Indexed on: 05 Nov '16Published on: 03 Nov '16Published in: Applied Energy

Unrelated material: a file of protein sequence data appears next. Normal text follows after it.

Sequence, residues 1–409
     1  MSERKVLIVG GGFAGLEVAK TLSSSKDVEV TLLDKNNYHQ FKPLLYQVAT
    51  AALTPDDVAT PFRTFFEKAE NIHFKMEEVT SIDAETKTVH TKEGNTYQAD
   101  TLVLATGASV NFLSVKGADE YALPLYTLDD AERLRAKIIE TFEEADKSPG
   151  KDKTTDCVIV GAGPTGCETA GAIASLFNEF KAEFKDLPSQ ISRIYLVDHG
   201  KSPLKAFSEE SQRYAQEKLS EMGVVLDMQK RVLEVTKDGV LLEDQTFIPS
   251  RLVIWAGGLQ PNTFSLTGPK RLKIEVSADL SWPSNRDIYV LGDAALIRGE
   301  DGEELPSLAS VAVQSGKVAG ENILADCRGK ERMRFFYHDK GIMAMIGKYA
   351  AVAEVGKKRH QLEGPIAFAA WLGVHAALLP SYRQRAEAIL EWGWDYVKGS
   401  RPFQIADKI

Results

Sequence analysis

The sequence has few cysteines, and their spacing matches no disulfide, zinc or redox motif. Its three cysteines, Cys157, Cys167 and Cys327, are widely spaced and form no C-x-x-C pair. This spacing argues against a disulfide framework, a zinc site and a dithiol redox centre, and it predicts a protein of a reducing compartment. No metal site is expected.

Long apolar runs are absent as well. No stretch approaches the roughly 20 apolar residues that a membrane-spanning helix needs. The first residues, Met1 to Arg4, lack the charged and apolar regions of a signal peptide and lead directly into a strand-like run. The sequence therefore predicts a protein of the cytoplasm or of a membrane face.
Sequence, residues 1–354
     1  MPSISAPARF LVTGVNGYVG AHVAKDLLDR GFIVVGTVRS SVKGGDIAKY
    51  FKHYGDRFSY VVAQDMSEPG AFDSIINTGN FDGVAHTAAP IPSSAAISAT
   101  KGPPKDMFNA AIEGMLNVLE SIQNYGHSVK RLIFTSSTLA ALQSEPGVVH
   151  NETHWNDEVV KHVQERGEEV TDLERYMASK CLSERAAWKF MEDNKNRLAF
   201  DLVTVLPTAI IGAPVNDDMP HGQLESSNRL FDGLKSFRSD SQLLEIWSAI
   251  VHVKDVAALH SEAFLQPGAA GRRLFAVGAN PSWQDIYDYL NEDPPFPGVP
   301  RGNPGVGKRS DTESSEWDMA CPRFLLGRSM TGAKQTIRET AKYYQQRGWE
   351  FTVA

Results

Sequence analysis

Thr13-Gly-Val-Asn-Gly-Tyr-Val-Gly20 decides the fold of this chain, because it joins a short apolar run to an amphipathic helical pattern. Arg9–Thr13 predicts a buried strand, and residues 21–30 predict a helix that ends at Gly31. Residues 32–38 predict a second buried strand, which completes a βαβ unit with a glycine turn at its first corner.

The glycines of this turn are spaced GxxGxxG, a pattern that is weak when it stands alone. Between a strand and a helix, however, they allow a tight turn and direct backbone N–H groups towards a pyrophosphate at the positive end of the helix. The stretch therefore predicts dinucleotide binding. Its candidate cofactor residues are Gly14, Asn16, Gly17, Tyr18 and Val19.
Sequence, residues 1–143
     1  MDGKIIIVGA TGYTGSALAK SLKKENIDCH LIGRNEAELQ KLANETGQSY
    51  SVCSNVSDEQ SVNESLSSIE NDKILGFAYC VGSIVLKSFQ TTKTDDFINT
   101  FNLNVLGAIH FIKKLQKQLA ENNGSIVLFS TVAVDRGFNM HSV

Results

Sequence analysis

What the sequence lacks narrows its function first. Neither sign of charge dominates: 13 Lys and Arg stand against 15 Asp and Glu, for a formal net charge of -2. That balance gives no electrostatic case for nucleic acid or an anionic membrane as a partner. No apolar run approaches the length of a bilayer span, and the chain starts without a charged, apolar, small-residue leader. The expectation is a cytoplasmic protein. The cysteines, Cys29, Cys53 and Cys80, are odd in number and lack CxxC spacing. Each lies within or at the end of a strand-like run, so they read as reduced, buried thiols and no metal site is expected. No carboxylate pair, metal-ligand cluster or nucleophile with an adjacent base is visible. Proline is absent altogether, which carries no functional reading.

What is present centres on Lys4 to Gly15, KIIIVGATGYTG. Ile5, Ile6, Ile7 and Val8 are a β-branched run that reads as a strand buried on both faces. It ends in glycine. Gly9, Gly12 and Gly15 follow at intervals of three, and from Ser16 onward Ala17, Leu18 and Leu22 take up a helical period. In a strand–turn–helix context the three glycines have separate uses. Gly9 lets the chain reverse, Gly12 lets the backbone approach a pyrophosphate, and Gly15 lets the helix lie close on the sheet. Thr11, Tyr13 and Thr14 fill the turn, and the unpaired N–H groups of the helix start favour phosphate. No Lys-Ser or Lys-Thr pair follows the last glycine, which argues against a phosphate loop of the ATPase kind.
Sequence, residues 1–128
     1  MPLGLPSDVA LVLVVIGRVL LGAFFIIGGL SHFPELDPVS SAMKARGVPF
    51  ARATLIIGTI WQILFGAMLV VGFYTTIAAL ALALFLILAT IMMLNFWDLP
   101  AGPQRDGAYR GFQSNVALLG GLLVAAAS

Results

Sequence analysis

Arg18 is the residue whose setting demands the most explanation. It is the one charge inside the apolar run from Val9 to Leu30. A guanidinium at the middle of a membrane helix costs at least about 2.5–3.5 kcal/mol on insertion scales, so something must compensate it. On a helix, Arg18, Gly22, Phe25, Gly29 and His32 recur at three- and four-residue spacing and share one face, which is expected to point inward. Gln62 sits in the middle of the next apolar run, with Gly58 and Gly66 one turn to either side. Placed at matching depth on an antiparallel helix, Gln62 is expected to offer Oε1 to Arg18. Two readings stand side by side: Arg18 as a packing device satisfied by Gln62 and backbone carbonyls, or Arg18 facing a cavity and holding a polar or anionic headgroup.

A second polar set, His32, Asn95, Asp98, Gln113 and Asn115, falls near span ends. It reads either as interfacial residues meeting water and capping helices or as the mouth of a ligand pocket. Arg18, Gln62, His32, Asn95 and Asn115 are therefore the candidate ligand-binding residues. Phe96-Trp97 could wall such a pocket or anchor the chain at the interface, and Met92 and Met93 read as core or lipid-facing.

The use of anthropogenic CO2 for enhancing oil recovery from mature oil fields in the North Sea has several potential benefits, and a number of assessments have been conducted. It remains, however, difficult to realistically simulate the economic circumstances and decisions, while including the economic uncertainties that surround the relevant markets and policies, and the geological and technological uncertainties that are inherent to dealing with reservoirs and novel technologies in a challenging environment. A new method is proposed here introducing a unique combination of innovations, that include true limited foresight, project flexibility, and the consideration of realistic investment risk. The value of project is here expressed as the Net Present Value (NPV). These elements are combined in the PSS IV simulator. This is a techno-economic simulator for CO2-enhanced oil recovery (CO2-EOR), which applies limited foresight and Real Options Analysis to make realistic investment decisions on projects with significant uncertainties and thus risk. Consecutive project decisions are taken based on a decision tree. Multiple oil fields can be approached as a single cluster project, which can provide a lower investment hurdle. In a first test case for PSS IV, the Claymore and Scott oil fields are assessed, and it is shown that economic simulations where EOR projects are regarded as a sum of the individual field assessments will undervalue projects. Simulation results show that results are in a realistic range compared to published numbers, with individual project values for the Claymore field on average of 15.8 €/barrel (bbl; standard deviation SD = 8.3) and for the Scott field of 14.3 €/bbl (SD = 8.6). Due to the inclusion of uncertainties and the application of limited foresight, results range from −6 €/bbl (loss) to over 30 €/bbl. In a cluster configuration 5 €/bbl of additional value is created.